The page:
As a result of the foregoing events, the Plaintiff alleges she is entitled to damages from the Defendants, pursuant to § 1983, for the following: (1) excessive use of force by Williams, which is also attributed to Kherat-as superintendent of the District-Hammer, and Johnson; (2) Fourth and Fourteenth Amendment violations by Johnson, Williams, Kherat, and Hammer; (3) battery by Williams; (4) willful and wanton conduct by Williams, Kherat, Hammer, Johnson, and the District; (5) intentional infliction of emotional distress by Williams; and (6) negligent training and supervision by the District. Id. at pp. 5-16. The Plaintiff further alleges the District is liable for all of Williams' and Johnson's alleged actions by way of the doctrine of respondeat superior and 745 ILCS 10/9-102. Id. at pp. 13-14.

         The remaining Defendants, minus Williams-who is proceeding pro se-now move to dismiss all of the Counts in the Plaintiff's Second Amended Complaint directed at them, pursuant to Federal Rule of Civil Procedure 12(b)(6). (D. 29). The Defendants argue: (1) Counts II and III fail to plead a § 1983 claim against Kherat or Hammer in their individual or official capacities (Id. at pp. 6-10); (2) Count IV fails to state a claim against Johnson (D. 29 at pp. 10-12); (3) Counts VIII, IX, X, and XI fail to state a cause of action for willful and wanton conduct under Illinois law (Id. at pp. 12-13); (4) Counts XII and XIV fail to state a cause of action against the District under respondeat superior (Id. at pp. 13-15); (5) Counts XIII and XIV must be dismissed because agency principles are not applicable to § 1983 claims (Id. at pp. 15-16); (6) Count XV fails to state a cause of action for negligent supervision and is barred by the Illinois' Tort Immunity Act (Id. at pp. 16-19); and (7) the Plaintiff's request for punitive damages should be stricken (Id. at pp. 19-20).

         Legal Standard

         In reviewing the Defendants' Motion to Dismiss pursuant to Federal Rule of Civil Procedure 12(b)(6), the Court accepts the Plaintiff's factual allegations as true. Erickson v. Pardus, 551 U.S. 89, 94 (2007). Allegations stated in the form of legal conclusions, however, are insufficient to survive a motion to dismiss. McReynolds v. Merrill Lynch & Co., Inc., 694 F.3d 873, 885 (7th Cir. 2012). A complaint must contain a short and plain statement of the plaintiff's claim, sufficient to show entitlement to relief and to notify the defendants of the allegations against them. Fed.R.Civ.P. 8(a)(2); Bell Atl. Corp. v. Twombly, 550 U.S. 544, 555-57 (2007). This standard is met if the plaintiff describes in sufficient factual detail enough to suggest a right to relief beyond a speculative level. Id.; Ashcroft v. Iqbal, 556 U.S. 662, 678 (2009); EEOC v. Concentra Health Srvs., 496 F.3d 773, 776 (7th Cir. 2007). In short, “the plaintiff must give enough details about the subject-matter of the case to present a story that holds together. In other words, the court will ask itself could these things have happened, not did they happen.” Swanson v. Citibank, N.A., 614 F.3d 400, 404 (7th Cir. 2010) (emphasis in original).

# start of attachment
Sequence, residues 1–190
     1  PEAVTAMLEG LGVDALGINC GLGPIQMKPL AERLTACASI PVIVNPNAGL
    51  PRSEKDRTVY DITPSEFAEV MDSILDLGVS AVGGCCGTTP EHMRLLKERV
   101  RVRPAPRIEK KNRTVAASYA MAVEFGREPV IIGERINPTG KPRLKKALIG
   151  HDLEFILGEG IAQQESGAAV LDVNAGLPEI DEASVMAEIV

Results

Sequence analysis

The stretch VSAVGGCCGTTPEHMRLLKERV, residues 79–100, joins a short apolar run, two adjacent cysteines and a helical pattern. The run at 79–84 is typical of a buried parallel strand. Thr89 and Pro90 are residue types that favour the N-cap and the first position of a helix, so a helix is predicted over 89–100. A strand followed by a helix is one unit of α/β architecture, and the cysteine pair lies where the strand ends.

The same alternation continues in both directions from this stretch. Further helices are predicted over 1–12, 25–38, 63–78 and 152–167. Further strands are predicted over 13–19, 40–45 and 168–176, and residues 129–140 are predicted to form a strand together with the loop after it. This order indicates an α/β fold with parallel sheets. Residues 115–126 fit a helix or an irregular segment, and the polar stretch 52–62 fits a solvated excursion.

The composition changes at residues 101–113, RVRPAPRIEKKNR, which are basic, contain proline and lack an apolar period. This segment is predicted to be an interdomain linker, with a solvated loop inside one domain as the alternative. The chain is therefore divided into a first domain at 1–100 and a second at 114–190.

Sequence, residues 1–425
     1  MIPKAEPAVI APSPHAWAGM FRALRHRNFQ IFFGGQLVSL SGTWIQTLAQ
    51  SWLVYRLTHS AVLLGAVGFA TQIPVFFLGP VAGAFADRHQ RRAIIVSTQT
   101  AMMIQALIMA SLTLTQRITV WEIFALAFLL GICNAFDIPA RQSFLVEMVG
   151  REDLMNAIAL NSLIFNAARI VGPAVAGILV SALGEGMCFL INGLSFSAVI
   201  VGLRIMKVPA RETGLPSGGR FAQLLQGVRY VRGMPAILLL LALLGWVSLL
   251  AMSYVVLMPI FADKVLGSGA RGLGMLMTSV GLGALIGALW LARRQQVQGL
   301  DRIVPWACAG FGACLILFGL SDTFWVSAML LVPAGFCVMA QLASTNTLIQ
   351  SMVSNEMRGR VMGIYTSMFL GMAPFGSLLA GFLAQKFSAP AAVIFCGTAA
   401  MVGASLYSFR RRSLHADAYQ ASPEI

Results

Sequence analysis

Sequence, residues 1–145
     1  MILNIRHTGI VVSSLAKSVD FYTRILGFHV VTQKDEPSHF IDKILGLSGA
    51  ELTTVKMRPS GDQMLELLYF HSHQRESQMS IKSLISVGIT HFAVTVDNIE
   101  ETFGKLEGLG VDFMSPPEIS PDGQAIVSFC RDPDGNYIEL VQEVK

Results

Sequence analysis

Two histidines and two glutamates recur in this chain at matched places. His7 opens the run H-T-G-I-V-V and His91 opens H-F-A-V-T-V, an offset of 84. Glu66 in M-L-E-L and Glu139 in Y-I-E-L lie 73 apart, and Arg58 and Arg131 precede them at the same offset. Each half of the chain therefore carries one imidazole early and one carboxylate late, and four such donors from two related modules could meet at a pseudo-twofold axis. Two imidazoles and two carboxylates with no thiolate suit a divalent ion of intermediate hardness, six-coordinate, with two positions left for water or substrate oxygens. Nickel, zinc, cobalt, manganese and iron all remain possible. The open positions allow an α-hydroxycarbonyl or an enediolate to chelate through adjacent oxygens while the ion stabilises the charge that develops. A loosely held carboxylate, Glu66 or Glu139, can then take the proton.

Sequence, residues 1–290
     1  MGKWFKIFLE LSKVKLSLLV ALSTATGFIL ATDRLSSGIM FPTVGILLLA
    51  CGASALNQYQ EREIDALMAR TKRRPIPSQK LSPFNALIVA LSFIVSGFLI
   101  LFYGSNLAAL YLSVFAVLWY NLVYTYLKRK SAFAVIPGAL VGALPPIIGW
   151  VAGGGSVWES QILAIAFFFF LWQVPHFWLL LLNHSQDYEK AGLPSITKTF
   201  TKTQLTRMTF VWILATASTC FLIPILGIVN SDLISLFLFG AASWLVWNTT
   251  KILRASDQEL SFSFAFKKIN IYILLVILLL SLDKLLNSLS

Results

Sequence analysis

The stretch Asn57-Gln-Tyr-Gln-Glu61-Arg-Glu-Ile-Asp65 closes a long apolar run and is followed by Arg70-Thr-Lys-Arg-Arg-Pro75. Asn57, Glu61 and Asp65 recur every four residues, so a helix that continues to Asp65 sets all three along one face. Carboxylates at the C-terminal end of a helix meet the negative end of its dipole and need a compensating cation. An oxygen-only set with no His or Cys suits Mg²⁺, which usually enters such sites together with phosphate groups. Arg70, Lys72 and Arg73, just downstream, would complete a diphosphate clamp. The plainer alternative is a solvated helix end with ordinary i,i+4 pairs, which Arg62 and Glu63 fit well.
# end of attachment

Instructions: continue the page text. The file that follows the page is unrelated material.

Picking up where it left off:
Analysis

         First, the Defendants allege that Counts II and III of the Plaintiff's Second Amended Complaint fail to plead a § 1983 claim against Kherat or Hammer in their individual or official capacities. (D. 29 at pp. 6-10). They claim the Plaintiff “fails to explicitly state in which capacity the claims are actually brought.” Id. at pg. 7. The Plaintiff asserts that she has clearly brought these counts against Kherat and Hammer in both capacities. (D. 31 at pp. 2-3).

         In order to bring an individual capacity claim under § 1983 for Williams' alleged constitutional violations, the Plaintiff must prove Kherat or Hammer knew about the conduct, facilitated it, approved it, condoned it, or turned a blind eye toward it. Jones v. City of Chicago, 856 F.2d 985, 992 (7th Cir. 1988). More bluntly, “[t]o be held liable for ...